Stark Raving Black | Exasperation & Comedic Fury

Lewis Black

Lewis Black has been doing standup comedy for decades, along with his other occupations, like authoring 40 plays and two bestselling books (Nothing’s Sacred and Me of Little Faith), and appearing in more than a dozen feature films and TV shows, including his HBO specials and his frequent commentaries on The Daily Show.

Stark Raving Black is an apt description of Black’s live comedy at The Fillmore Detroit on August 2, 2009. The filmed performance features his signature comedic fury, which we have reason to believe is more than persona. And which those of us who are fans find endearing, even while he’s punctuating his sentences with the F-word as generously as the way some of us use commas.

As his name coincidentally suggests, Black’s dark delivery is a measured rhythmic rage, an endless irritation over the shenanigans of Washington politics and the stupid ironies of life, especially his own. His commanding style creates a zone, a sacred place where he can confide his exasperation to millions of us. Where he speaks calmly and slowly at first, waving his long fingers in the air. And suddenly explodes into outrage—like a combination of your dad and your parole officer—with a cadence that feels like he’s jabbing us with a cane to make his point. It’s a good kind of pain.

Stark Raving Black dwells on topics of frustration such as turning 60, which he knows is not “the new 40” because, first, they’re two different numbers, and second, 60 is so old that “I can’t remember sh—.” And he laments in detail about a show where he had to follow country singer icon Vince Gill and his “absolutely perfect” wife Amy Grant. Or as he describes it, “Two perfect Christians followed by a miserable aging Jewish prick.”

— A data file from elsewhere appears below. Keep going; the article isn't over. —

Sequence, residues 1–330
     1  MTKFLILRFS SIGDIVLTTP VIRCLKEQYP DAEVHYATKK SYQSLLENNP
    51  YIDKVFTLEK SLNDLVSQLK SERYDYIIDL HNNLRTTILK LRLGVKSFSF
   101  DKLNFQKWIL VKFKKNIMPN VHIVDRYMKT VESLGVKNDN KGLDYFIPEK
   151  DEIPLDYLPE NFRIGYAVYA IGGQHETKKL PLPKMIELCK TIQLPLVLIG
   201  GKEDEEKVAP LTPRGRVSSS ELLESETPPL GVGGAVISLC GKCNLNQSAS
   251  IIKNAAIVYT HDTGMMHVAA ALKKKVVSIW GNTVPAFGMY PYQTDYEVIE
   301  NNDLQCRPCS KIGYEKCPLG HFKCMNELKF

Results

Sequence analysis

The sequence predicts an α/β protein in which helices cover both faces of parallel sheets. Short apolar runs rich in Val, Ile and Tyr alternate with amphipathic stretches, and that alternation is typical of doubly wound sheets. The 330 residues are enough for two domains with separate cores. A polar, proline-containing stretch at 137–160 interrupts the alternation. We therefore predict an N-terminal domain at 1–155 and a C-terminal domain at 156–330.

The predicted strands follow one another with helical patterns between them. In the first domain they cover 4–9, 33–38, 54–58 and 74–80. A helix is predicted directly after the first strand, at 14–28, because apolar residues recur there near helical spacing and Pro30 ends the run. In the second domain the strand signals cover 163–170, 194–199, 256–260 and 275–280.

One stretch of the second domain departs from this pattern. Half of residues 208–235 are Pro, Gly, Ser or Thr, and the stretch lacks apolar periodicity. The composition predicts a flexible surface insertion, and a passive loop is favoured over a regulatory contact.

Does Stark Raving Black have its weak moments? Well, maybe. Some of Black’s timing is more drawn-out than usual, with long pauses that occasionally made my mind wander. My superstitious nature worries that if he is as preoccupied as he lets on, wondering how his fringe comedy career jumped into the fast lane, he could get thrown off his game. But my rational side assures me that every successful performer deserves a little wiggle room. And the bottom line: stark raving Lewis Black delivers. When it’s released on DVD, you’re in for some good entertainment. B

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